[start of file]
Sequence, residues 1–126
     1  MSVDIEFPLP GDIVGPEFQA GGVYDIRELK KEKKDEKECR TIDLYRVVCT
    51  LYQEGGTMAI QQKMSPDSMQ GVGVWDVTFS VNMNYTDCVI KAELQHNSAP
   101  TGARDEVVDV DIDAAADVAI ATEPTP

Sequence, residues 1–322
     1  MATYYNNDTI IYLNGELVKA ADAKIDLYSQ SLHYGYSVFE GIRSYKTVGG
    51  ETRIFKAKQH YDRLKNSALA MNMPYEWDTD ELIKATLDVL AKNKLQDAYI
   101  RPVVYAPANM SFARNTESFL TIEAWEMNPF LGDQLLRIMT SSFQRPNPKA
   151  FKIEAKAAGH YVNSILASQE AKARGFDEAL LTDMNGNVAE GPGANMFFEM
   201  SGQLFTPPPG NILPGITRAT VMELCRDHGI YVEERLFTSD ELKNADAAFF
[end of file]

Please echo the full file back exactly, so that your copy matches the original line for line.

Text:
Sequence, residues 1–126
     1  MSVDIEFPLP GDIVGPEFQA GGVYDIRELK KEKKDEKECR TIDLYRVVCT
    51  LYQEGGTMAI QQKMSPDSMQ GVGVWDVTFS VNMNYTDCVI KAELQHNSAP
   101  TGARDEVVDV DIDAAADVAI ATEPTP

Sequence, residues 1–322
     1  MATYYNNDTI IYLNGELVKA ADAKIDLYSQ SLHYGYSVFE GIRSYKTVGG
    51  ETRIFKAKQH YDRLKNSALA MNMPYEWDTD ELIKATLDVL AKNKLQDAYI
   101  RPVVYAPANM SFARNTESFL TIEAWEMNPF LGDQLLRIMT SSFQRPNPKA
   151  FKIEAKAAGH YVNSILASQE AKARGFDEAL LTDMNGNVAE GPGANMFFEM
   201  SGQLFTPPPG NILPGITRAT VMELCRDHGI YVEERLFTSD ELKNADAAFF